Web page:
In Clinical Trial, Vaginal Gel PRO 2000 Found "Safe but Ineffective" at Preventing HIV Infection
September 20, 2010
A vaginal gel designed to protect women against HIV "was found to be safe but ineffective" in a clinical trial, Agence France-Presse reports, citing a study published online in the journal Lancet. The gel, PRO 2000, was tested in two different concentrations on 9,000 women in South Africa, Tanzania, Uganda and Zambia. The gel contains a "large charged polymer, which is intended to disrupt HIV's interaction with targeted cells." AFP notes PRO 2000 is "different" from the CAPRISA 004 vaginal gel, which was shown to be effective in clinical trials earlier this year and incorporates AIDS drug tenofovir into the gel (9/19). MedPage Today reports that "adherence was high" but "the incidence of HIV was much the same in both analyses" of the two different gel concentrations and the placebo (Smith, 9/19).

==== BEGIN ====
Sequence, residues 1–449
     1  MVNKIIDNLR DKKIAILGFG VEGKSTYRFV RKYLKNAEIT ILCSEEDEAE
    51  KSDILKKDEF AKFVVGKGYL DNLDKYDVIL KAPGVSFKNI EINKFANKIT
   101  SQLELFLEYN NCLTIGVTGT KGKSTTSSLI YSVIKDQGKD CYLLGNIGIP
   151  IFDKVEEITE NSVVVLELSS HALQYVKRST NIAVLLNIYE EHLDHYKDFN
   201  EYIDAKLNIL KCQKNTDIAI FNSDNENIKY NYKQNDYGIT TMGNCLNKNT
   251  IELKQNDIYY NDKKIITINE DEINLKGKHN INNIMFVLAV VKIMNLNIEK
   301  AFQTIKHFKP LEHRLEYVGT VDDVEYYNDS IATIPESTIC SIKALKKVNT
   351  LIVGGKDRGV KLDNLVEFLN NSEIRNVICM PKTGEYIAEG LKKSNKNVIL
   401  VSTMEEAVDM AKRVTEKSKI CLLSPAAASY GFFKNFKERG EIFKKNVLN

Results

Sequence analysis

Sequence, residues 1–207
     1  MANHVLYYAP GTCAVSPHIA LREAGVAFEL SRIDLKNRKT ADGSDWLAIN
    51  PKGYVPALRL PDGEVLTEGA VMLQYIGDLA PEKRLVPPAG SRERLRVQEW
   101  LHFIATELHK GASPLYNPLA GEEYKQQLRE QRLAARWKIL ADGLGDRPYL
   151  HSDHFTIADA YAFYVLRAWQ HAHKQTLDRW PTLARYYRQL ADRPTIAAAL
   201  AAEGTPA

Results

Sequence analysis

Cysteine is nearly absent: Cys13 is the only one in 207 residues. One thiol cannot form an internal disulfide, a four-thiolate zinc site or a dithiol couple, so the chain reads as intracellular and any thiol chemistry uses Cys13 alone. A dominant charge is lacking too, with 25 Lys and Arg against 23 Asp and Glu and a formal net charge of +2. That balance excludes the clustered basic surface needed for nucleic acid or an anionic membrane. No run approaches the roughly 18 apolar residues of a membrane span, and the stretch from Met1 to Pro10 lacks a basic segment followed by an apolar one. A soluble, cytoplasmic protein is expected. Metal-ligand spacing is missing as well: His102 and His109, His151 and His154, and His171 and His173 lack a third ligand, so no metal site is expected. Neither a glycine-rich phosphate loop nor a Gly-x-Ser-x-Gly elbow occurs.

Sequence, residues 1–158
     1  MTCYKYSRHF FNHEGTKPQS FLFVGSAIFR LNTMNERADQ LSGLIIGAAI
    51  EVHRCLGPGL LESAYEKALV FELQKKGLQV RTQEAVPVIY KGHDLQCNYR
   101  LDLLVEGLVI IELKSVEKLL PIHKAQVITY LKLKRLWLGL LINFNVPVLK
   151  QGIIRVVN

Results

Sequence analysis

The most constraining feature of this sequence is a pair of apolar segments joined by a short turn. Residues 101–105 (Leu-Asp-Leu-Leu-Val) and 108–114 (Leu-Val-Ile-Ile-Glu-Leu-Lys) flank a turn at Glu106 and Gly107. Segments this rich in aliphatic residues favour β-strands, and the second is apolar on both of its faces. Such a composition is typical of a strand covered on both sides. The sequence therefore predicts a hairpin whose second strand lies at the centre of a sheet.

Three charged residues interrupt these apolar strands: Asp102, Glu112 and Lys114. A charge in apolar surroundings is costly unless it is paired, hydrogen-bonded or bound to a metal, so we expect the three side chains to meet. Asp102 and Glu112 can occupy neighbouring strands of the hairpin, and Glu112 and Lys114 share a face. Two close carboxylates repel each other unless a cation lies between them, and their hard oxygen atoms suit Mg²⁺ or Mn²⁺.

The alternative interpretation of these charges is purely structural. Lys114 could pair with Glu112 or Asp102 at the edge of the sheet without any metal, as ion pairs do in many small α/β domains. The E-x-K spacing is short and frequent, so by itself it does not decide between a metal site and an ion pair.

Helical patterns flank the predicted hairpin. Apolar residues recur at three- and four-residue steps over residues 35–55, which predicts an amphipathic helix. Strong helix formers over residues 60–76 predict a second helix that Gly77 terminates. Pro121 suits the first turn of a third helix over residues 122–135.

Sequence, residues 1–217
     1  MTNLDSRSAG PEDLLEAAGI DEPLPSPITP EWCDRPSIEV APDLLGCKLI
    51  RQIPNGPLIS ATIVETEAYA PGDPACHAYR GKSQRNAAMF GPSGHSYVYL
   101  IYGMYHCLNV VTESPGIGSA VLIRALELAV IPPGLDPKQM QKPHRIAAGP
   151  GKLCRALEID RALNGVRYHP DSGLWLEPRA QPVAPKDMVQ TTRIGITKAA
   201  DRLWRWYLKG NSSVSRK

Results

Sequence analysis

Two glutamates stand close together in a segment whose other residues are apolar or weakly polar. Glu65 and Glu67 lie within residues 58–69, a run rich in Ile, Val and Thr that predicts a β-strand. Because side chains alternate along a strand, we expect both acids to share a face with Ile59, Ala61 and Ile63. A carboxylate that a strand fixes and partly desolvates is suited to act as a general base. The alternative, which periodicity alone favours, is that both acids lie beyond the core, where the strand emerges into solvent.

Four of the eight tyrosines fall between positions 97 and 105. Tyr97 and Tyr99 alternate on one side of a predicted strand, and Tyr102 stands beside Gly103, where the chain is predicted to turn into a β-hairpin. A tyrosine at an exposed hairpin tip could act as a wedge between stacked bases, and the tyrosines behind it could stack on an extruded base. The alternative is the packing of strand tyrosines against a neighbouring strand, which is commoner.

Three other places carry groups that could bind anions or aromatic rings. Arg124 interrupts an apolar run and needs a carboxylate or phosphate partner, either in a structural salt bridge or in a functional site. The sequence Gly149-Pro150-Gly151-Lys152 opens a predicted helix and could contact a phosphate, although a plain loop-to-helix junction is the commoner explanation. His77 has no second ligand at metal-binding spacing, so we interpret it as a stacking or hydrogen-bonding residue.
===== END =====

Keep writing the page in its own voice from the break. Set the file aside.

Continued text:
Experts Gathered for UNAIDS, WHO Meeting Recommend Follow-Up Studies of ARV-Containing Microbicide Gel Start Soon
This article was provided by Henry J. Kaiser Family Foundation. It is a part of the publication Kaiser Daily Global Health Policy Report. Visit the Kaiser Family Foundation's website to find out more about their activities, publications and services.
Add Your Comment:
(Please note: Your name and comment will be public, and may even show up in
Internet search results. Be careful when providing personal information! Before
adding your comment, please read TheBody.com's Comment Policy.)